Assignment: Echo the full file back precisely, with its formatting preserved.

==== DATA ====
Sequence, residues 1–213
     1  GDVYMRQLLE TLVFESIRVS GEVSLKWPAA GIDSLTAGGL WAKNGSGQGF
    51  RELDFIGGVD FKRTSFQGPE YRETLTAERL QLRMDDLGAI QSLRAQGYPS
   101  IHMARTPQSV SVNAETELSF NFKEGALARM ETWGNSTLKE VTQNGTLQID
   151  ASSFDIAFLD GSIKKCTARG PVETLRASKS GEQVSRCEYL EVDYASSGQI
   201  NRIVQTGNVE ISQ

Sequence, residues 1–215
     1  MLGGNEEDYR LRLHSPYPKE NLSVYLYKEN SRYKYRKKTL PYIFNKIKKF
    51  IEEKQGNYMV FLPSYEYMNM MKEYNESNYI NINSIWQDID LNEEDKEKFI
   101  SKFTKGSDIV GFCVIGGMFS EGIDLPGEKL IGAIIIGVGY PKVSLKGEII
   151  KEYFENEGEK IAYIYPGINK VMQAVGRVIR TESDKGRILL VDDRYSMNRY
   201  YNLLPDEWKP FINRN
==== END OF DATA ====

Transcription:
Sequence, residues 1–213
     1  GDVYMRQLLE TLVFESIRVS GEVSLKWPAA GIDSLTAGGL WAKNGSGQGF
    51  RELDFIGGVD FKRTSFQGPE YRETLTAERL QLRMDDLGAI QSLRAQGYPS
   101  IHMARTPQSV SVNAETELSF NFKEGALARM ETWGNSTLKE VTQNGTLQID
   151  ASSFDIAFLD GSIKKCTARG PVETLRASKS GEQVSRCEYL EVDYASSGQI
   201  NRIVQTGNVE ISQ

Sequence, residues 1–215
     1  MLGGNEEDYR LRLHSPYPKE NLSVYLYKEN SRYKYRKKTL PYIFNKIKKF
    51  IEEKQGNYMV FLPSYEYMNM MKEYNESNYI NINSIWQDID LNEEDKEKFI
   101  SKFTKGSDIV GFCVIGGMFS EGIDLPGEKL IGAIIIGVGY PKVSLKGEII
   151  KEYFENEGEK IAYIYPGINK VMQAVGRVIR TESDKGRILL VDDRYSMNRY
   201  YNLLPDEWKP FINRN